Thursday, September 06, 2012
Friday Night (if you're in Auckland) at the Questiom Emporium
The agent I am following on twitter, and hope to be to represented by some day, recently made a post, saying how excited she was to sign on a new client, and then went on to describe the highlights of my work in progress (folklore based, YA, romance, etc.).
Now, I'm not naive, I understand that all stories are reinvented, and I am not claiming my story has been stolen. However, I do feel discouraged and bummed out a bit. I planned on sending her a query in just a couple of months. What are the chances of an agent taking on two projects in one year that are that similar? What are the chances of a publishing house choosing two books that are that similar?
You have taken a tiny smidgen of info (140 characters no less!) and interpreted in the one way that will make you feel bad.
Knock that shit off.
The world is a hard enough place for writers without being the instrument of your own torment. Besides, that's MY job.
So let's look at why this particular instance is you being Author Crazypants.
1. Just because something is based on "folklore" doesn't mean it bears any resemblance to your work.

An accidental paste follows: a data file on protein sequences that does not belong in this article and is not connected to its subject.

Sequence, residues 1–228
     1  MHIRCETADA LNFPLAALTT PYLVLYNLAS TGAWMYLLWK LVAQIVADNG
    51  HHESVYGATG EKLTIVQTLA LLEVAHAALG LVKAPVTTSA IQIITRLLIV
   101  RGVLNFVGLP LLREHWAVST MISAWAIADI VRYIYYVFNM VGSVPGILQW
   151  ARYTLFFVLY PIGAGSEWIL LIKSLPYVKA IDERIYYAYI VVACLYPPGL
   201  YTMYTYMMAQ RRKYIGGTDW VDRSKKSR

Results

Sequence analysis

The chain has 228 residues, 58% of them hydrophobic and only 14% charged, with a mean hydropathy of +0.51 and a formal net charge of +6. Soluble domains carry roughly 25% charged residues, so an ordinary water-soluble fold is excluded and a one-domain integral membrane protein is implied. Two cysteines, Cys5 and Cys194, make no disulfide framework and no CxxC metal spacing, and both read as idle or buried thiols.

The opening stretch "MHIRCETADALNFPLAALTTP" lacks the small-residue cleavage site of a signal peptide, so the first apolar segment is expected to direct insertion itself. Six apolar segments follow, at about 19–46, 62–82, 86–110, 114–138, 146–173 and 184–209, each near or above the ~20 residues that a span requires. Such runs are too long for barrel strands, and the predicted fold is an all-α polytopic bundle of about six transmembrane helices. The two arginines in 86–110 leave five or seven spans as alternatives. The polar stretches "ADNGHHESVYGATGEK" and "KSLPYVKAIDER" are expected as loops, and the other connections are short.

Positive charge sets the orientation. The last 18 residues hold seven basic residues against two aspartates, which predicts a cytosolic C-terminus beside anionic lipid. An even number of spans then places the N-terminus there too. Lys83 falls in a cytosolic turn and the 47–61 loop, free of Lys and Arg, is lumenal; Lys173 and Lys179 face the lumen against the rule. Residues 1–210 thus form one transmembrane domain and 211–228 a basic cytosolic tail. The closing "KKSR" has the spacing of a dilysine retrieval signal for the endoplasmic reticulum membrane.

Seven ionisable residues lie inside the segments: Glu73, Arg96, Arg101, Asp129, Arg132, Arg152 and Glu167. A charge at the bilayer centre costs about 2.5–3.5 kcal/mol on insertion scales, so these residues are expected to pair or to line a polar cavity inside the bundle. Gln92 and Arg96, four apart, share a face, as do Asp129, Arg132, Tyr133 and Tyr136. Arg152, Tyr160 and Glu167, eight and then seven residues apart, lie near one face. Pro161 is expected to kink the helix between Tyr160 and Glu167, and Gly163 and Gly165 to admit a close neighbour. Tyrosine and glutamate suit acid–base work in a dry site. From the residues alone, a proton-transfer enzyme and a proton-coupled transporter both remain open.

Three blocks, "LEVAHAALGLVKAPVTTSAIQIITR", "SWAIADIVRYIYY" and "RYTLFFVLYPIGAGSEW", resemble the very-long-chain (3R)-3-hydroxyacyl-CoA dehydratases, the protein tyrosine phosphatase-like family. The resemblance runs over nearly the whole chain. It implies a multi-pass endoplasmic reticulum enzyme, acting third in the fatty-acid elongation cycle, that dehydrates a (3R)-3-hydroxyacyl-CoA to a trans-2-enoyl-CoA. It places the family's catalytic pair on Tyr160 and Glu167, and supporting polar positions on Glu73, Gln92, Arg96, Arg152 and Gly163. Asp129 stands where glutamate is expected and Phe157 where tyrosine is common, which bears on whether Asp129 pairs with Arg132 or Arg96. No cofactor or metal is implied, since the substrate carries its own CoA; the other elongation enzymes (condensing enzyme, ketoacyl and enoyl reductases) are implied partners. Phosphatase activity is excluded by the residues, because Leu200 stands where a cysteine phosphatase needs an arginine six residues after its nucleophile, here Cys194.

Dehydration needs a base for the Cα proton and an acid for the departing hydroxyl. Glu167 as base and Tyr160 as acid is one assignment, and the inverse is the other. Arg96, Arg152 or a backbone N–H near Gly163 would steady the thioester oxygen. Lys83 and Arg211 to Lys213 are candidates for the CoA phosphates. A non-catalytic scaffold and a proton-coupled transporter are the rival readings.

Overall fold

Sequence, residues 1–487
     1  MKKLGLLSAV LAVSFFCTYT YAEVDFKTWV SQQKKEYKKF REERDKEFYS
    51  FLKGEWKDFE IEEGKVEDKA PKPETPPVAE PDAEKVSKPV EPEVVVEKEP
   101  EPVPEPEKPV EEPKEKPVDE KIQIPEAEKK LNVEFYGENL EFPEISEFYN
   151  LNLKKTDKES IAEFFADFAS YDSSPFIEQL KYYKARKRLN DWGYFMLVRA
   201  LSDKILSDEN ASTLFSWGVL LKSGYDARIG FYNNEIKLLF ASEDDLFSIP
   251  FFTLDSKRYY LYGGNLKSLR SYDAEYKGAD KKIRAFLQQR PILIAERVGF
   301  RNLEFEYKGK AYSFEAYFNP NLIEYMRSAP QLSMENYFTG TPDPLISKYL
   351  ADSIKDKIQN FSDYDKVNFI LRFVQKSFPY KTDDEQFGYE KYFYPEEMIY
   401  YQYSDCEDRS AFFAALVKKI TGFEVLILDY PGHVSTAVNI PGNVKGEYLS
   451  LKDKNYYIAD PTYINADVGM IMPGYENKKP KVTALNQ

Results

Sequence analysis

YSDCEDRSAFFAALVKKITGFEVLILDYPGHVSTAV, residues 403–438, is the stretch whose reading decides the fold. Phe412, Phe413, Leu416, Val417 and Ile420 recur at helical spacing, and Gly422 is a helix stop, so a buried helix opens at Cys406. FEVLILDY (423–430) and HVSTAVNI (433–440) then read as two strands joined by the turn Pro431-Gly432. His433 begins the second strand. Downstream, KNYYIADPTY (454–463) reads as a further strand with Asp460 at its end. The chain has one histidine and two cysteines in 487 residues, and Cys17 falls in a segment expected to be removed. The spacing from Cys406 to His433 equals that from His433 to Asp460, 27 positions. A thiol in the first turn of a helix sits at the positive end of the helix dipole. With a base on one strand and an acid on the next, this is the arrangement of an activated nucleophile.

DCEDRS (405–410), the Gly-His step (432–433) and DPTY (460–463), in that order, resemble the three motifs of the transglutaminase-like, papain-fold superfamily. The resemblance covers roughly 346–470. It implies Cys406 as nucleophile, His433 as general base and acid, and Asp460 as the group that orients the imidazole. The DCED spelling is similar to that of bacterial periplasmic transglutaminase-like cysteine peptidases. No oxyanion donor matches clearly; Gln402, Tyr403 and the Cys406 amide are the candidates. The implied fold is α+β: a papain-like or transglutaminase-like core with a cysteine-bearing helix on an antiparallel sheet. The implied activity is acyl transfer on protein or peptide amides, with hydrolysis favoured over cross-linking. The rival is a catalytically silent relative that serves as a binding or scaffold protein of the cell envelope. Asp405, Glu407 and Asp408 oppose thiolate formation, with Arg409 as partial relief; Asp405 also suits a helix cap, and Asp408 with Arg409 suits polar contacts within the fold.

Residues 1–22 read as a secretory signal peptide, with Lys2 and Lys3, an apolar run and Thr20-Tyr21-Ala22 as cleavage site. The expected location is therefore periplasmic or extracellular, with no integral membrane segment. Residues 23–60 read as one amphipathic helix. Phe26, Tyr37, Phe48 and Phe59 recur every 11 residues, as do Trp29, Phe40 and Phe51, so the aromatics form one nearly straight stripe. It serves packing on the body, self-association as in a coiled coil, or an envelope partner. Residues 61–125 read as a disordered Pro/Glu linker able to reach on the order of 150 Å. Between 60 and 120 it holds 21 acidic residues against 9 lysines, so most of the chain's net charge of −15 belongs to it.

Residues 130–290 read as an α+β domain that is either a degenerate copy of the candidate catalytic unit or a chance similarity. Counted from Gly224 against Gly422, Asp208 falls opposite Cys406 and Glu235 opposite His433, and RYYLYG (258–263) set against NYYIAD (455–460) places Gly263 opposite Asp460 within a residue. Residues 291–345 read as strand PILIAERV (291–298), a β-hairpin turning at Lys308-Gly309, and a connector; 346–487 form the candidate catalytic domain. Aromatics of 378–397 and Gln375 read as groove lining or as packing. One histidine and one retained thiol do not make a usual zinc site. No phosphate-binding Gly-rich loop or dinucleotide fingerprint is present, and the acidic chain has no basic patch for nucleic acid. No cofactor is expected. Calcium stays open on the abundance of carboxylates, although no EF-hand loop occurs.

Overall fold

2. Even if something is based on the exact same piece of traditional story telling as your novel, remember everyone tells/writes differently. Just look at all the interpretations of The Front Page, or A Star is Born. And for that matter, Star Wars is just a cowboy movie set in space. Sort of like a Jack Reacher novel without aliens.
3. This agent might not end up signing you, true, and there are a myriad of reasons that could happen. S/he ain't the only agent in town, and that means STOP this utter horseshit of thinking of a dream agent and get realistic. Your dream agent is the one who loves your work with a passion and begs you for the chance to take it on submission. Thus you don't know who your dream agent is until YOU GET AN OFFER.
You can spend a lot of time fretting about things you have zero control over. You can do this so much that it blocks you creatively and disturbs your inner peace. OR you can understand to the core of your being that you are a writer, and every minute you spend fretting is a minute you're not thinking about your work, reading the work of great writers you want to emulate, or visiting art museums to see the work of artists in different media, or going to the movies to see great directors and screenwriters ply their craft, or just doing the damn laundry so you can write in clean underpants. In other words, when you start to fret about this stuff, it's a prime facie evidence you are NOT WRITING. Get back to work. It's the one thing you can control, and it's the one thing that will get you moving toward your goal.